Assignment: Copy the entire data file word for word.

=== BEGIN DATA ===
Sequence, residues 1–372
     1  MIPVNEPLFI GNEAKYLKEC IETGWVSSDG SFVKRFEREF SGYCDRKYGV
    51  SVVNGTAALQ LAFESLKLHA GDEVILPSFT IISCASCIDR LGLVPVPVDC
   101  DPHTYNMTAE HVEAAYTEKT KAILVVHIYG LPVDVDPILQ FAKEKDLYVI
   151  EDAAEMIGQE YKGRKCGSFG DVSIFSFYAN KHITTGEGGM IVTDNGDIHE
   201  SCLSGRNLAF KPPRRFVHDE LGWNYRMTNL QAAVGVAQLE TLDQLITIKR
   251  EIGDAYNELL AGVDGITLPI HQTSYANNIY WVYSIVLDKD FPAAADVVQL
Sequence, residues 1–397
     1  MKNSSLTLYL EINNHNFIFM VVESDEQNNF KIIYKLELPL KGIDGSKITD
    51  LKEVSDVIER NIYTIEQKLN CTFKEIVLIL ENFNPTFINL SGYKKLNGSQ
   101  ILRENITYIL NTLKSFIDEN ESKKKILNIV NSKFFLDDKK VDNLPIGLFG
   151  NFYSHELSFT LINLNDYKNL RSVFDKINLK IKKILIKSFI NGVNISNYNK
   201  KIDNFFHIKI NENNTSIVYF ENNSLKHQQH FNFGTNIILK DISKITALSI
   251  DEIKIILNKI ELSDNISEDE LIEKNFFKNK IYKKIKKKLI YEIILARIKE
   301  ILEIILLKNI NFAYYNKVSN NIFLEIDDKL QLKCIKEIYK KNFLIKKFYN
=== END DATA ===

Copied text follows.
Sequence, residues 1–372
     1  MIPVNEPLFI GNEAKYLKEC IETGWVSSDG SFVKRFEREF SGYCDRKYGV
    51  SVVNGTAALQ LAFESLKLHA GDEVILPSFT IISCASCIDR LGLVPVPVDC
   101  DPHTYNMTAE HVEAAYTEKT KAILVVHIYG LPVDVDPILQ FAKEKDLYVI
   151  EDAAEMIGQE YKGRKCGSFG DVSIFSFYAN KHITTGEGGM IVTDNGDIHE
   201  SCLSGRNLAF KPPRRFVHDE LGWNYRMTNL QAAVGVAQLE TLDQLITIKR
   251  EIGDAYNELL AGVDGITLPI HQTSYANNIY WVYSIVLDKD FPAAADVVQL
Sequence, residues 1–397
     1  MKNSSLTLYL EINNHNFIFM VVESDEQNNF KIIYKLELPL KGIDGSKITD
    51  LKEVSDVIER NIYTIEQKLN CTFKEIVLIL ENFNPTFINL SGYKKLNGSQ
   101  ILRENITYIL NTLKSFIDEN ESKKKILNIV NSKFFLDDKK VDNLPIGLFG
   151  NFYSHELSFT LINLNDYKNL RSVFDKINLK IKKILIKSFI NGVNISNYNK
   201  KIDNFFHIKI NENNTSIVYF ENNSLKHQQH FNFGTNIILK DISKITALSI
   251  DEIKIILNKI ELSDNISEDE LIEKNFFKNK IYKKIKKKLI YEIILARIKE
   301  ILEIILLKNI NFAYYNKVSN NIFLEIDDKL QLKCIKEIYK KNFLIKKFYN